Objective: To demonstrate the added value of magnetic resonance imaging (MRI) over computed tomography (CT) during adult cochlear implant evaluation.
Patients: Two adult patients are discussed in whom MRI studies diagnosed bilateral vestibular schwannomas during cochlear implant candidacy evaluation.
Interventions: Temporal bone CT and MRI.
Main outcome measure: Diagnosis of NF2.
Results: Two adult patients, ages 67 and 68 years, were evaluated for cochlear implant candidacy. Both patients experienced slowly progressive, bilateral hearing loss without complaints of vertigo, and neither patient had a family history of hearing loss or neurogenic tumors. Both patients had near-symmetric pure tone thresholds on audiometric testing. An MRI and a CT scan were performed on both patients, and bilateral vestibular schwannomas were identified on MRI.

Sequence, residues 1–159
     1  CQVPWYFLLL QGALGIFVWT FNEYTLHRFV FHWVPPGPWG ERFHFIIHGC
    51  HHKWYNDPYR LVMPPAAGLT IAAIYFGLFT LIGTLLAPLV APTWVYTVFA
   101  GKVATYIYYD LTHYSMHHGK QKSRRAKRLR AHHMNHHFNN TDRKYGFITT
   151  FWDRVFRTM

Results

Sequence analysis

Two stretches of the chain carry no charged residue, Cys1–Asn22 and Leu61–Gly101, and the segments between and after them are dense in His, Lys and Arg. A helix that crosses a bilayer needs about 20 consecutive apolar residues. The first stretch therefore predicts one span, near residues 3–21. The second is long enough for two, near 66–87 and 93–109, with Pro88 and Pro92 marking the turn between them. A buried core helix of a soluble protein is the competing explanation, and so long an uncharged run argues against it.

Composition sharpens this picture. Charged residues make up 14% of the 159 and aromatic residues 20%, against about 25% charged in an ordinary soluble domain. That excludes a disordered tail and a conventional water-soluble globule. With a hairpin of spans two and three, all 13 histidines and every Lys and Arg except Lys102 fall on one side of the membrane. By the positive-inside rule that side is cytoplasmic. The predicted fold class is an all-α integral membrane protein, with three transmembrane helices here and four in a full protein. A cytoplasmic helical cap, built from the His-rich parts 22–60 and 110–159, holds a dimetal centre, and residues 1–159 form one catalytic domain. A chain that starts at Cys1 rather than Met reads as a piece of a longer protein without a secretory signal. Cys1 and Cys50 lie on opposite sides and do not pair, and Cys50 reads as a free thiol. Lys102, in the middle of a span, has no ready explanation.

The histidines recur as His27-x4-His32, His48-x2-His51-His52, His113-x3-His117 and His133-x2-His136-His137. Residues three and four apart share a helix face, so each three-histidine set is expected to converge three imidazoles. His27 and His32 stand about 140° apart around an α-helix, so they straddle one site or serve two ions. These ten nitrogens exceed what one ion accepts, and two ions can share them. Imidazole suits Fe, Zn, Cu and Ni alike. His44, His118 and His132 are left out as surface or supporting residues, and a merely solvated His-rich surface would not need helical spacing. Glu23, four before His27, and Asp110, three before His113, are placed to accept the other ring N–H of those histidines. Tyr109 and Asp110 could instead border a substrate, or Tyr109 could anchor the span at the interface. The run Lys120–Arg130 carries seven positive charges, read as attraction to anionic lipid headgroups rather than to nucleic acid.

Conclusions: Though MRI is not routinely utilized in adult cochlear implant evaluation, it may be of greater clinical value than CT in the setting of adult-onset hearing loss. MRI allows for sensitive evaluation of cochlear patency and architecture, and cochlear nerve status. As demonstrated in the two index cases, MRI also provides the added benefit of evaluating for causes of retrocochlear hearing loss. These two patients would have likely experienced a significant delay in diagnosis of NF2 without preoperative MRI, particularly given the limitations of scanning following CI magnet placement.
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